The United States on Monday imposed Belarus-related sanctions on 16 individuals and five entities, according to the U.S. Treasury Department website, increasing pressure on Belarus President Alexander Lukashenko in the aftermath of his country's forceful diversion of a passenger plane and subsequent arrest of an opposition blogger.
Among those blacklisted by the Treasury were the State Security Committee of the Republic of Belarus as well as the Main Directorate for Combating Organized Crime and Corruption of the MVD of the Republic of Belarus.
Separately, the EU put seven Belarusian officials, including the ministers of defense and transport, to an asset freeze and visa ban blacklist over the forced landing of a Ryanair plane. The bloc also added a further 71 individuals – including Russian tycoon Mikhail Gutseriyev, Lukashenko's son Dmitry and daughter-in-law Liliya – for ties to the government's sweeping crackdown on the opposition or for supporting the regime, the EU's officials journal said.
The agreement, struck at a meeting in Luxembourg, follows weeks of tough negotiations over which economic actors to hit. Luxembourg's Foreign Minister Jean Asselborn said a total of seven cash cow areas will be hit, including tobacco, potash – a potassium-rich salt used in fertilizer – petroleum products and financial services.
"I think these are sanctions that will hurt. And I hope they hurt so much that they bring the regime to its knees," Asselborn told journalists before the meeting.
German Foreign Minister Heiko Maas said the move would "contribute to financially drying out the regime."
"I am very satisfied that the European Union today has delivered with regard to Belarus," Maas told reporters, adding the sanctions were designed to severely hit sectors of the Belarusian economy.
The move is the latest response to the forced landing of a Ryanair flight and the arrest of a Belarusian dissident blogger last month. The EU already sealed off its airspace to carriers from its eastern neighbor. The punitive measures must still be formally adopted, but their basic remit is now fixed. However, it is unclear exactly when they will be implemented, according to Asselborn.
"We need a bit of time to translate this into reality."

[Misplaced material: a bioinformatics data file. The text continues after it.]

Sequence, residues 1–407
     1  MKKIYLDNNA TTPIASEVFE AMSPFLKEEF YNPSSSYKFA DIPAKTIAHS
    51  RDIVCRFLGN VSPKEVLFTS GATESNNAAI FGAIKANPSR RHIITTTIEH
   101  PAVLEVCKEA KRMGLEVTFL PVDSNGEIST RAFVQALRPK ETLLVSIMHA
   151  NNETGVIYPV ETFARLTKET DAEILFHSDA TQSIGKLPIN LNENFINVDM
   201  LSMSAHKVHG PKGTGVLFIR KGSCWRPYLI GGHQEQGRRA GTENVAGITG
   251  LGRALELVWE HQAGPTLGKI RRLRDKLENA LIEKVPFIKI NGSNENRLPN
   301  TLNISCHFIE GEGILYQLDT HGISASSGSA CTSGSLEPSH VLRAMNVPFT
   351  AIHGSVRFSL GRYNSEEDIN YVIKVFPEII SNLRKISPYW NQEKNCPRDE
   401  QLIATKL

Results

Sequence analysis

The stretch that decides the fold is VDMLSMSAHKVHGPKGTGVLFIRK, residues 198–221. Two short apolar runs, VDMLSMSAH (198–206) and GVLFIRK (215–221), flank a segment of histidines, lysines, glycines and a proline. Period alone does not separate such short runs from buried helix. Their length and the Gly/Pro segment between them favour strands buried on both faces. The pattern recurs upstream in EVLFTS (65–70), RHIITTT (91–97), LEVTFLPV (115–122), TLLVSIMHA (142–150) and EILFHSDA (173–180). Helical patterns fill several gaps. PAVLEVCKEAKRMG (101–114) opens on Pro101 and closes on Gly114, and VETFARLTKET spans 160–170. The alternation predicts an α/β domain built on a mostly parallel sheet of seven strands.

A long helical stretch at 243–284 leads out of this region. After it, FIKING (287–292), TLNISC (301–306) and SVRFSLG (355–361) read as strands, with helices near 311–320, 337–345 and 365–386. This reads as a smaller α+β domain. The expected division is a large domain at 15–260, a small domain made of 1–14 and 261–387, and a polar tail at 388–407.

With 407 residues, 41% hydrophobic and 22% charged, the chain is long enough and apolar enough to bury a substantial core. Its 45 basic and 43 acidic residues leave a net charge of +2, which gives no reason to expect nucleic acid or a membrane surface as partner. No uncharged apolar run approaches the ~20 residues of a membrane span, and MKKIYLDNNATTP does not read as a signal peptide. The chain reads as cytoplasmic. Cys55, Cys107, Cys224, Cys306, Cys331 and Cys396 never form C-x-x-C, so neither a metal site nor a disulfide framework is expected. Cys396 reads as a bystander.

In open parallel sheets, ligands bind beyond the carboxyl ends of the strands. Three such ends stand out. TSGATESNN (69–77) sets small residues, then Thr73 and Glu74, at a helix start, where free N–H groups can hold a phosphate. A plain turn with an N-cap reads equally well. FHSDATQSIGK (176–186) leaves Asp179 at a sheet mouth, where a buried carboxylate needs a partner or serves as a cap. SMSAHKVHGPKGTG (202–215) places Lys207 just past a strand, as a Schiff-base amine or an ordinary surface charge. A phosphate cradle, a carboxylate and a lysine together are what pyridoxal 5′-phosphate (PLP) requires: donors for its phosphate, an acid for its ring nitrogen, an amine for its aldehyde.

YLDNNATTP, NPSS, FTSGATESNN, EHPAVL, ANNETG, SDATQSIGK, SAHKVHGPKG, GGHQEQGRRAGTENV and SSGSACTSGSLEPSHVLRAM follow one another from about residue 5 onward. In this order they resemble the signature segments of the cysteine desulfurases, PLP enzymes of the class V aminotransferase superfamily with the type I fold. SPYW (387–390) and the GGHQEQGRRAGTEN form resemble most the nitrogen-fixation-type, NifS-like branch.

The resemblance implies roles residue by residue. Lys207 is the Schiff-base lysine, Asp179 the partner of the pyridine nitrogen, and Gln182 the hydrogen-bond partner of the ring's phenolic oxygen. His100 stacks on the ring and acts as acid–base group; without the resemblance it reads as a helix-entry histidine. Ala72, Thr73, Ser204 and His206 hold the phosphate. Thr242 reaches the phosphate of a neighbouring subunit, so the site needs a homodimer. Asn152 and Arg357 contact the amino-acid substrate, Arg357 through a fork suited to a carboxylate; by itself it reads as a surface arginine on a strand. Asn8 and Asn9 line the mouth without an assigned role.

Britain added several senior Belarusian officials and entities, including an exporter of oil products, to its sanctions list on Monday.
"The UK, in parallel with the US, Canada and EU, has imposed sanctions against seven individuals and one entity from the Belarusian regime in response to the detention of journalist Roman Protasevich and Sofia Sapega following the unlawful diversion of Ryanair flight FR4978 in May 2021," a foreign office statement said. "Four individuals and one entity have also been designated in response to the continued suppression of democracy and human rights in Belarus by Lukashenko and his regime."
Belarusian opposition leader Svetlana Tikhanovskaya, who has been calling for tough EU measures, also spoke with the ministers in Luxembourg.
"Sanctions aren't a silver bullet, but they can help to end violence and release people," she tweeted.
Tikhanovskaya currently lives in exile in Lithuania. She is considered by many to be the winner of the disputed presidential election of August 9, 2020, after which Lukashenko had himself proclaimed president again. The EU no longer recognizes him as head of state and claims the poll was neither free nor fair.
The bloc has been calling for the release of Roman Protasevich and his girlfriend Sofia Sapega, both of whom were detained after being hauled off the Vilnius-bound Ryanair flight, along with hundreds of political prisoners.
Due to the ongoing repression of the democracy movement in Belarus, the EU already adopted several packages of sanctions targeting Lukashenko's supporters last year, as well as the president himself.
UN Human Rights Commissioner Michelle Bachelet voiced concern on Monday about a continued deterioration in the country highlighting "severe restrictions" to freedom of expression and assembly, worrisome raids on civil society and media and judicial persecution of activists and journalists.
"We continue to receive numerous allegations of arbitrary arrests and detentions, torture and ill-treatment," she said in a statement.
The 66-year-old Lukashenko has led Belarus – a former Soviet republic in Eastern Europe bordering EU states Poland, Lithuania and Latvia – for more than a quarter of a century, tolerating little dissent.
Minsk has grown closer to Moscow in recent years. But Lukashenko has also maintained relations with EU partners in his almost 27 years in power.